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On February 28, a passenger train collided head-on with a freight train near Thessaloniki, Greece, killing at least 57 people and causing injury to more than 100 others. It was one of the worst rail disasters in the country’s history and sparked widespread protests and strikes over the state of the transport system. Here’s everything that we know so far about what happened in Greece and what is being done to prevent such tragedies in the future.
What caused the train crash?
According to investigators, the crash occurred because of human error and faulty signaling equipment. The stationmaster at Adendro, where the accident took place, allegedly failed to switch the tracks correctly and allowed both trains to enter the same line.
The stationmaster in question has now been arrested and is being charged with manslaughter and causing bodily harm by negligence. He appeared in court on Sunday but did not enter a plea yet.
Who were the victims of the crash?
The passenger train was carrying about 300 people roughly 315 miles from Athens to Thessaloniki, many of them students returning from their holidays. Among the dead were two children aged 4 and 6, a pregnant woman, a newlywed couple, and several foreign nationals from nearby countries like Albania, Bulgaria, Romania, Serbia, Turkey, and Ukraine.
The freight train involved in the crash was transporting cars from Thessaloniki to Athens and had two crew members on board who survived with minor injuries. No crew members on the freight train were killed.
The Greek government’s response
Greek Prime Minister Kyriakos Mitsotakis apologized to the nation for the train crash on Sunday and vowed to fix the broken rail system. He said he would launch an independent audit of all railway infrastructure and equipment and replace outdated technology with modern systems. Mitsotakis also announced that he would appoint a new transport minister after the current transport minister resigned following public outcry over his handling of the crisis.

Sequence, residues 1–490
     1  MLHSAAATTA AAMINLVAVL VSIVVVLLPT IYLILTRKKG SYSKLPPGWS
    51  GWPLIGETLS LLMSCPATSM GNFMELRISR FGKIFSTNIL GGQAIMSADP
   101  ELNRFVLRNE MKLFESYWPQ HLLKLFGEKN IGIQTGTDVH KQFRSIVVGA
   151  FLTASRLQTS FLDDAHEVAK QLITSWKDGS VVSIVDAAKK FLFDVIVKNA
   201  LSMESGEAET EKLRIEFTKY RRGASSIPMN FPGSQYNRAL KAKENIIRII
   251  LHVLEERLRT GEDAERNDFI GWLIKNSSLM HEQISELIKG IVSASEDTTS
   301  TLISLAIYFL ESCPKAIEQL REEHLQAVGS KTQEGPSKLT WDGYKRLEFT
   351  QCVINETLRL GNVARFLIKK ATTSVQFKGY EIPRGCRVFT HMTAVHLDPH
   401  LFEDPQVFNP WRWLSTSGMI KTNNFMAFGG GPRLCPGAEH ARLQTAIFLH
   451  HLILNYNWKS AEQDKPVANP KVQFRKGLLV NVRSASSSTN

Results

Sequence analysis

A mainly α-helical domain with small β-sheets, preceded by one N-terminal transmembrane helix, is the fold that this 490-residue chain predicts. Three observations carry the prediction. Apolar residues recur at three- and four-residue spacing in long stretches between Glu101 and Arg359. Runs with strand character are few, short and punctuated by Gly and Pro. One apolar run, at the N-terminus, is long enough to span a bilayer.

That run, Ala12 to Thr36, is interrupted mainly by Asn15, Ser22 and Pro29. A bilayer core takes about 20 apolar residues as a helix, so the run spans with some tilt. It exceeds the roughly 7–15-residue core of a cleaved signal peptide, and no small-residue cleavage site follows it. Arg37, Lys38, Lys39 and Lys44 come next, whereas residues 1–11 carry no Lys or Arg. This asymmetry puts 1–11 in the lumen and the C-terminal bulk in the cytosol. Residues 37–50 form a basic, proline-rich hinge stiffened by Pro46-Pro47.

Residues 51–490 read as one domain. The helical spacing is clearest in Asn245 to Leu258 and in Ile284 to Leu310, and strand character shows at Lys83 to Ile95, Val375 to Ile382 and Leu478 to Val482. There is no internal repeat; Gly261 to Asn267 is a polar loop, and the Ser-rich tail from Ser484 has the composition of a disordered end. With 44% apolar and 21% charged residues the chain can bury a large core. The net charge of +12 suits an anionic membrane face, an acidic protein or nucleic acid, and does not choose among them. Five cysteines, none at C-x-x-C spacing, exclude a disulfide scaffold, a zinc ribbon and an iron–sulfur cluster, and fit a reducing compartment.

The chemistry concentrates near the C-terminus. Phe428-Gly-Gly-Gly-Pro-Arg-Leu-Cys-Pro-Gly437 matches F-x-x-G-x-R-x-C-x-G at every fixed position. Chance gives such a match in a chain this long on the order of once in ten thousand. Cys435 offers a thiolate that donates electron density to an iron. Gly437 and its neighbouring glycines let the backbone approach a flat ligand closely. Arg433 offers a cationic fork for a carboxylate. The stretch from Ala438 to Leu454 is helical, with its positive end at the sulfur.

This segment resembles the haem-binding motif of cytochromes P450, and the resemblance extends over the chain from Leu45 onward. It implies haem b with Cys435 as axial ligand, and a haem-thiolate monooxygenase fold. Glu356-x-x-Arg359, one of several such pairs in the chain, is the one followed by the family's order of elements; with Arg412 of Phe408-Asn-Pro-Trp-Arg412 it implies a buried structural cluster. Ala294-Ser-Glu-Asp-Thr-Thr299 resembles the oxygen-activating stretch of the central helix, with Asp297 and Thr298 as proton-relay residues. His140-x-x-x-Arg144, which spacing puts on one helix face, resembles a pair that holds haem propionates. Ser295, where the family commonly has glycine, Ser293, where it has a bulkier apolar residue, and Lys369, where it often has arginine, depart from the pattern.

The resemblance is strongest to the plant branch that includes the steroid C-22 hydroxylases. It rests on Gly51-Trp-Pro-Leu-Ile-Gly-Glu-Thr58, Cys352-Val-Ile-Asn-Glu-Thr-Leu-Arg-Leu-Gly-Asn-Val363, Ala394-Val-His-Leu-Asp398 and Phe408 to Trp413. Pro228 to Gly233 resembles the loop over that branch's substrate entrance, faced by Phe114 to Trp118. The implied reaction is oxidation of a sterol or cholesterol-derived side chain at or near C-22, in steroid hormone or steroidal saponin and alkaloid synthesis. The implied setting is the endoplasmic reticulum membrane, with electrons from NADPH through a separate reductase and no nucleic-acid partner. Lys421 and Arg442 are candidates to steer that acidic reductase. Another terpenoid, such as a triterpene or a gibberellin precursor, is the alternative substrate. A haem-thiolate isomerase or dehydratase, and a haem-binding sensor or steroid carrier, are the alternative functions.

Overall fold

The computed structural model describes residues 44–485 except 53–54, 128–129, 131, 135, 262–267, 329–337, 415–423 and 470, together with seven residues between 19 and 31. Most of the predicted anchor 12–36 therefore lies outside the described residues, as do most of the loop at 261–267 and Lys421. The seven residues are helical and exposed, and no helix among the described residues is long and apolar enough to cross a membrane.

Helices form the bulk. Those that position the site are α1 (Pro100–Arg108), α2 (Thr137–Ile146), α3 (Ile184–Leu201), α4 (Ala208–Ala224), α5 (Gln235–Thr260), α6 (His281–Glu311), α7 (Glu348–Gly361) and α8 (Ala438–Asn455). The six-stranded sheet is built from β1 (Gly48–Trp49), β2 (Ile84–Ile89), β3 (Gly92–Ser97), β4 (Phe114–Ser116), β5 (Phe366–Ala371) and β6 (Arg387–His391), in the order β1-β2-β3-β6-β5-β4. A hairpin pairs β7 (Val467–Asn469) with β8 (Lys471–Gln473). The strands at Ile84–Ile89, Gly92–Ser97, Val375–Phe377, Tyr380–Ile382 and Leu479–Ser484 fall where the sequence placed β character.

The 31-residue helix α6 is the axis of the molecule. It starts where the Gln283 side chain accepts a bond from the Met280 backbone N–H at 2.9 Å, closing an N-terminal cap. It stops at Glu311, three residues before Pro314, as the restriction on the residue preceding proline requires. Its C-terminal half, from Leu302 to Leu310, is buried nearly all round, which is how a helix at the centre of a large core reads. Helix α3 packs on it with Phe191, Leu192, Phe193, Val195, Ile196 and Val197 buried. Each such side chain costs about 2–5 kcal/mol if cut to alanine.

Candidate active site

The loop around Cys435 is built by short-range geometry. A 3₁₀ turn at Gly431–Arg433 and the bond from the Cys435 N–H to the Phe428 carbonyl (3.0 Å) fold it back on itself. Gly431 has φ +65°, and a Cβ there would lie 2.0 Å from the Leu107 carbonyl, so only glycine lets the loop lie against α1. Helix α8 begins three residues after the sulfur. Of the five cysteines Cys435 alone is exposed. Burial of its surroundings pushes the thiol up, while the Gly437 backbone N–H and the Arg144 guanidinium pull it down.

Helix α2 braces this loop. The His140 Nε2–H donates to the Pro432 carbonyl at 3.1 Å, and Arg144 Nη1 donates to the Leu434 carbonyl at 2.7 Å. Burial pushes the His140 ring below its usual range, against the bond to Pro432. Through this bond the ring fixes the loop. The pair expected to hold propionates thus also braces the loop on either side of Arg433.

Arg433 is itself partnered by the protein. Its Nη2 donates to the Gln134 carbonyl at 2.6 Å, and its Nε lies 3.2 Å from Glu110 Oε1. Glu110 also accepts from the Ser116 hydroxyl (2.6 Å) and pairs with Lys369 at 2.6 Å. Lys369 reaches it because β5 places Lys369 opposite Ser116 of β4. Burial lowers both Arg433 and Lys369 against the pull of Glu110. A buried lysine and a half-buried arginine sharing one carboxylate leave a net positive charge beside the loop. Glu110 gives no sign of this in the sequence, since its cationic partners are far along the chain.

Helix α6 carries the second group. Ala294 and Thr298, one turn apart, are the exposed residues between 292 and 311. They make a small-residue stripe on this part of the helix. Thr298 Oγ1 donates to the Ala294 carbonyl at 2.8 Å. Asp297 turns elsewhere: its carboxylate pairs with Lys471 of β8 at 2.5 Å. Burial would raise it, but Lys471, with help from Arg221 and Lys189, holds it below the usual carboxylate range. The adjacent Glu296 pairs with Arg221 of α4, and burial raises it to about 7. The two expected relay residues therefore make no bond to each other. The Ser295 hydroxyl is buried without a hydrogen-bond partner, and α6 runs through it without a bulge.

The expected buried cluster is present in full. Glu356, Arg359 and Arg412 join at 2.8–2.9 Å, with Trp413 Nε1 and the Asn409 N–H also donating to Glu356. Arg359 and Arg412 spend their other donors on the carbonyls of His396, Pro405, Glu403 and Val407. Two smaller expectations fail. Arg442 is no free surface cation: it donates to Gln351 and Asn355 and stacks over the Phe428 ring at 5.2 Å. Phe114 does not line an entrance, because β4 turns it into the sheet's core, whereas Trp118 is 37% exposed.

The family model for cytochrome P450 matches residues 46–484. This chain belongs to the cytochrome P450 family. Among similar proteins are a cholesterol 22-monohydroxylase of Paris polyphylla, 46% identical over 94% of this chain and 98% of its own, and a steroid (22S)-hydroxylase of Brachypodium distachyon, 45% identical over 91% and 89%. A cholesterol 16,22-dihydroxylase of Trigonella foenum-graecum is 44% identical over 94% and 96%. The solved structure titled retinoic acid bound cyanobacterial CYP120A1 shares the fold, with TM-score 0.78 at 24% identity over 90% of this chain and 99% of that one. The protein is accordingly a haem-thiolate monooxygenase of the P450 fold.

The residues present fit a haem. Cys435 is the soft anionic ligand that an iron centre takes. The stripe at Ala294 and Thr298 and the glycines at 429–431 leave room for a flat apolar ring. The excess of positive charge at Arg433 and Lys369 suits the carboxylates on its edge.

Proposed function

Protests and the public reaction
The train crash triggered massive protests and strikes across Greece by workers who blamed years of underinvestment and mismanagement for endangering their lives. Thousands of people marched in Athens and Thessaloniki on Wednesday demanding better safety standards and more accountability from those responsible for overseeing transport services.
Several trade unions also called for a general strike that continues to disrupt air travel, public transport, schools, hospitals, banks, media outlets, and other sectors.
The train crash also cast a shadow over one of Greece’s most prestigious cultural events, The Thessaloniki International Documentary Festival (TIDF). The festival organizers decided to cancel their closing ceremony on Sunday as a sign of respect for those who lost their lives or were severely injured in the accident.
TIDF also dedicated some screenings to those who died in the train crash and held moments of silence for the tragedy before each film. The festival director said he hoped that documentaries could help raise awareness about social issues such as transport safety.